Day 505 - Volunteer Service - Article 14

This article appeared in the Ames Tribune Newspaper on October 3, 2008.

Guest editorial: Becoming tourists when relatives come to visit

My brother Steven and his girlfriend came to visit. I have been looking forward to this since the tickets were booked months ago. We spent the first five days at our home and hung out with the locals in Panama City. We walked down to the river to collect bananas and upriver to the waterfall. We hiked part of the distance to the source of our aqueduct.

For the second half of their visit, we headed to Santa Catalina. To break up the trip, we stayed one night in Santa Clara. We happened to be traveling on Fathers' Day. It turns out only Carnival has longer lines for buses headed out of Panama City. All the people who live and work in the city return home to visit their fathers in the country.
With some difficultly, we worked our way to Santa Catalina the next day. We arrived late and stayed in the first hotel we could find with space. The next day, we moved to a picturesque cabaƱa right on the beach. We rented a long board and took turns catching waves. I was told by a surfer, "You can catch a ripple in a toilet with a long board." With the combination of a long board and steady waves we can now all say, "I have surfed."
Toward the end of the day, a group of four strangers asked if we wanted to share the cost and go to Isla Coiba the following day. We had been looking for more people for this same reason, so we took advantage of this serendipity. Isla Coiba, the largest island off the cost of Panama, is part of an even larger national park.

This experience was the highlight of our trip. We snorkeled around the smaller island of Granito de Oro inside the park and we all came out of the water grinning and awestruck. It was like swimming in an aquarium. There were sea turtles, sharks, an octopus, a giant ray, eels and uncountable fish of every color.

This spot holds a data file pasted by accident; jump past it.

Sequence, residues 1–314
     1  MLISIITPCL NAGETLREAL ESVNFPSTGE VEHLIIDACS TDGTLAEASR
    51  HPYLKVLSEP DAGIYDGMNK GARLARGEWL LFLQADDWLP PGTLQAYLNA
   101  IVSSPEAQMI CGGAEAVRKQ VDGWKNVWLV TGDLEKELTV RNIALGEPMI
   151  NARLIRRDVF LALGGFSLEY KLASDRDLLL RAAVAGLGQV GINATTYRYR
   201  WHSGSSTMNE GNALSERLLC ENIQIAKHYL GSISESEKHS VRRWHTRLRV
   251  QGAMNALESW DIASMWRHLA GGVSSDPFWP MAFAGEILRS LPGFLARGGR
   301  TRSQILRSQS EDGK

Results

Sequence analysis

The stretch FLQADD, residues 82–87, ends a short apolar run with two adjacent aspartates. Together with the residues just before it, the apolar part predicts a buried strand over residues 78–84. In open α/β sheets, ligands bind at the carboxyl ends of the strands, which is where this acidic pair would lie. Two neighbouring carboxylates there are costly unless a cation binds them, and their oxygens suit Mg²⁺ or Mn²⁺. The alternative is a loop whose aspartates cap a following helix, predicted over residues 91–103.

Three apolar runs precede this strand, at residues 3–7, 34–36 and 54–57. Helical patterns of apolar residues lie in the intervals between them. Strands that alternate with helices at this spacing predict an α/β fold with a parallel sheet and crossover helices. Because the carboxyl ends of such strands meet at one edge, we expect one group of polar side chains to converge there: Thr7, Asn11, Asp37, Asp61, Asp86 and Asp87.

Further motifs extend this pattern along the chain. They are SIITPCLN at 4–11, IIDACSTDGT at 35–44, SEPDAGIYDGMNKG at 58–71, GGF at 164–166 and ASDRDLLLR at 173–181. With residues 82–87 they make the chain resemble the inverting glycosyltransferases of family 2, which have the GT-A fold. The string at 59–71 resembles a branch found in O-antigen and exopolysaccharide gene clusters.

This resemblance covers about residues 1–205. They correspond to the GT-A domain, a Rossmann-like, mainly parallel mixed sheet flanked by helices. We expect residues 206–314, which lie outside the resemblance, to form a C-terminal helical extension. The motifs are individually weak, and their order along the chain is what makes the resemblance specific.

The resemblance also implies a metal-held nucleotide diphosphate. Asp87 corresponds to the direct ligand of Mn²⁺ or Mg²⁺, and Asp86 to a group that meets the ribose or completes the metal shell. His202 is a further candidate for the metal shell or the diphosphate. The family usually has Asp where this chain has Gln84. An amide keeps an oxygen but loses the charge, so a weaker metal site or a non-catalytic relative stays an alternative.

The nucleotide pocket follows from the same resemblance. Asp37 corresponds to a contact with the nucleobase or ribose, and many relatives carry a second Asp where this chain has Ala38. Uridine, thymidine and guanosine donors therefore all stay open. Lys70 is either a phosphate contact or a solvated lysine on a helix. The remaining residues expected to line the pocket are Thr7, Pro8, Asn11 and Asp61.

I doubt we'll ever snorkel in a place that beautiful again.
(Foy: We had a marvelous snorkeling experience swimming with sea turtles. And a more terrifying experience snorkeling with sharks. Granted, they were only 4 feet long and, according to the locals, not dangerous, but still I was just a few feet from real live sharks.)
We have done more interesting things in the last week than we did on our honeymoon in the Dominican Republic. Speaking Spanish and knowing our way around helps a bit.
We are now back in the Panama City, and it occurs to me that the city is very good for a short list of things: restaurants, shopping, movies, ice cream, hot showers, history and the Canal. We have exhausted all these options save the last two in one and a half days.
Foy and I never have enough time to get work done in the city, but we run out of touristy things to do pretty quickly.

Foy and Jeff 's Peace Corps assignment is from May 2007 to August 2009.

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